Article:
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# Note for MATH 3321 at UH

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Date Created: 02/06/15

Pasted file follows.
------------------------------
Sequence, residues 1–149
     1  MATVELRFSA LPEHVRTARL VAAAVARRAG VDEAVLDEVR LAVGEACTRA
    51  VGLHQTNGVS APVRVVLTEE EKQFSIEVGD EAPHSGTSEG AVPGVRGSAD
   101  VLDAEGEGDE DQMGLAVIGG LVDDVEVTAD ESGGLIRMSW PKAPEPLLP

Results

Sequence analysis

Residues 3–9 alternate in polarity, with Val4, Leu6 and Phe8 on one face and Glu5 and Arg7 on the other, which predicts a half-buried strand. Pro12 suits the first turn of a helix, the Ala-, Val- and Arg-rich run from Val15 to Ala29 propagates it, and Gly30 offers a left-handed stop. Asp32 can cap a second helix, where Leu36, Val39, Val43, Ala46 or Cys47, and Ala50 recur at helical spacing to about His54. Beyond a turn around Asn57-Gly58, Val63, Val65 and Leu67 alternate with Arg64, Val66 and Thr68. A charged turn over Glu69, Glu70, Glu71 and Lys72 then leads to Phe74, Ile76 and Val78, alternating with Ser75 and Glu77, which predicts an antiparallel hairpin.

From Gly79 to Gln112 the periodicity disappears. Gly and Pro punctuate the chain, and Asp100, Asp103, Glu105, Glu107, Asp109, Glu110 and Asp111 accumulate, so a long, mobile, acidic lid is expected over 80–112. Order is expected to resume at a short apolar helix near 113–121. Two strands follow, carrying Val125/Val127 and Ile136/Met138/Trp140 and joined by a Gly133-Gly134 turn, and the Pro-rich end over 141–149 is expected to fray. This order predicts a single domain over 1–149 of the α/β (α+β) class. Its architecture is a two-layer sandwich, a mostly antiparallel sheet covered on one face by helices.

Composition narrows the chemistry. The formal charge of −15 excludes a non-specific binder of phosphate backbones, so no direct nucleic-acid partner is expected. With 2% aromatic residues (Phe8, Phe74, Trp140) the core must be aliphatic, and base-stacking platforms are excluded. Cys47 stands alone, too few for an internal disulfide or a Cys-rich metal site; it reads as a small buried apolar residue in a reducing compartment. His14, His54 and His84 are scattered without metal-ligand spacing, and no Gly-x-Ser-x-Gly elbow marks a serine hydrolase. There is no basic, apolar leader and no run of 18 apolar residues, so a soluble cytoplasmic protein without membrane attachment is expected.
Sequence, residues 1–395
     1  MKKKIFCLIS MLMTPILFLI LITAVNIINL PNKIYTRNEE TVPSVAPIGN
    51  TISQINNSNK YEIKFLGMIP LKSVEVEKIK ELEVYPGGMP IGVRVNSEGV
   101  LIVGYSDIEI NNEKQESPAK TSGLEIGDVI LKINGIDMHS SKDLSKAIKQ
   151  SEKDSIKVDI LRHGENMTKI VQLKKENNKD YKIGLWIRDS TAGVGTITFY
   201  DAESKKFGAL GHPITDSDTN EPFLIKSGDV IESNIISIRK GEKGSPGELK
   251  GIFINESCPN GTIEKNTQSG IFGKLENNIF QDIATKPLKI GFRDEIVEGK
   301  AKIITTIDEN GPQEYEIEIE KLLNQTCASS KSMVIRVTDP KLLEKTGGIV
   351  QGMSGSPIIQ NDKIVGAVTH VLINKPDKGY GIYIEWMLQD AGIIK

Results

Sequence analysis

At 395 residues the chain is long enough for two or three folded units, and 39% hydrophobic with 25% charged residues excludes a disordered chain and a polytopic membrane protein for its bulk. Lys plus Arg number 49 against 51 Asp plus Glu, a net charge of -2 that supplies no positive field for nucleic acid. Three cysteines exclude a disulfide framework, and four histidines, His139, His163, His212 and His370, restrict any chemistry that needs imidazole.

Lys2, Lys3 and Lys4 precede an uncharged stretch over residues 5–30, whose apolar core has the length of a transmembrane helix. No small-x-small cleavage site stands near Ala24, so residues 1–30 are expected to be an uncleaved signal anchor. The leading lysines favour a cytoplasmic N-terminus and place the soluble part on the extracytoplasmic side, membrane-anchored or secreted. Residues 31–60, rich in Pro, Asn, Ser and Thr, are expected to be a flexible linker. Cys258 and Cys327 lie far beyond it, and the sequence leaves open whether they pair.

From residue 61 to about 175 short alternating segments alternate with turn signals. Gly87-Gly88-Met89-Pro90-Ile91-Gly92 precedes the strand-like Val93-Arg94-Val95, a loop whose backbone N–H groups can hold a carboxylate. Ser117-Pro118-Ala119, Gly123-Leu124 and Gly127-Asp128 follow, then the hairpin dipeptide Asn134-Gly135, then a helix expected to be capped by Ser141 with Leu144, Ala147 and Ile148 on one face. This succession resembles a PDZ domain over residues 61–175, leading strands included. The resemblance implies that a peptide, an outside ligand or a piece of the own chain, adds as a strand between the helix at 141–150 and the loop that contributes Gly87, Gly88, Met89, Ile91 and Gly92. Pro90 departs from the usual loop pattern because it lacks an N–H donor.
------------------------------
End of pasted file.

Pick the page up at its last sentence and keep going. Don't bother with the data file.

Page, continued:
CHAPTER 3 Second Order Linear Differential Equations 31 Introduction Basic Terminology and Results Any second order differential equation can be written as Fm 247 27 24 0 This chapter is concerned with special yet very important second order equations namely linear equations Recall that a rst order linear differential equation is an equation which can be written in the form 1 2905 6196 where p and q are continuous functions on some interval 1 A second order linear differential equation has an analogous form DEFINITION 1 A second order linear di erential equation is an equation which can be written in the form 24 py qy 1W 1 where p q and f are continuous functions on some interval I The functions p and q are called the coe cients of the equation the function f on the right hand side is called the forcing function or the nonhomogeneous term The term forcing function77 comes from applications of second order linear equations the description nonhomogeneous is given below A second order equation which is not linear is said to be nonlinear Examples a y 7 53 6y 3 cos 2x Here pz 75 qz 6 x 3 cos 2x are continuous functions on foo 00 b z2 y 7 2x 3 2y 0 This equation is linear because it can be written in the form 1 as 29 iii y 0 where pz 2m qz 2m2 x 0 are continuous on any interval that does not contain z O For example we could take I 0 oo 63 c y zyzy 7 y3 e is a nonlinear equation this equation cannot be written in the form I Remarks on Linear Intuitively a second order differential equation is linear if y appears in the equation with exponent 1 only and if either or both of y and 3 appear in the equation then they do so with exponent 1 only Also there are no so called cross product77 terms yy y y y y In this sense it is easy to see that the equations in a and b are linear and the equation in c is nonlinear Set My y pzy If we View L as an operator that transforms a twice differentiable function y into the continuous function Llyxl 24 Nell90 610596 then for any two twice differentiable functions y1z and y2m Lly1 y2xl 24196 y2xl ply1 y2xl qly1 y2l arm y z Plyl yam qzy1z yam We pyl qy1 24390 py 6100 we Lly1ml Lly2l and for any constant 0 WWW l0yxl plcyxl qlcyl cy pl0y wl 6610596 ellTm Nell90 qyl cLlyl Therefore as introduced in Section 21 L is a linear dz erentz39al operator This is the real reason that equation 1 is said to be a linear differential equation I The rst thing we need to know is that an initial value problem has a solution and that it is unique THEOREM 1 Existence and Uniqueness Theorem Given the second order linear equation Let a be any point on the interval I and let Oz and B be any two real numbers Then the initial value problem 24 2496 2 6100 y f7 Ma at Ma B has a unique solution 64 As before a proof of this theorem is beyond the scope of this course Remark We can solve any first order linear differential equation Section 2 1 gives a method for nding the general solution of any first order linear equation In contrast there is no general method for solving second or higher order linear di erential equations There are however methods for solving certain special types of second order linear equations and we shall study these in this chapter Extensions of these methods to higher order linear equations will be given later I DEFINITION 2 The linear differential equation 1 is homogeneous 1 if the function f on the right side of the equation is 0 for all z E I In this case equation 1 becomes 24 2496 2 6196 y 0 2 Equation 1 is nonhomogeneous if f is not the zero function on I ie 1 is nonhomo geneous if fz 7 0 for some z E I As you will see in the work which follows almost all of our attention will be focused on homogeneous equations 1This use of the term homogeneous is completely different from its use to categorize the rst order equation y fxy in Exercises 22 65

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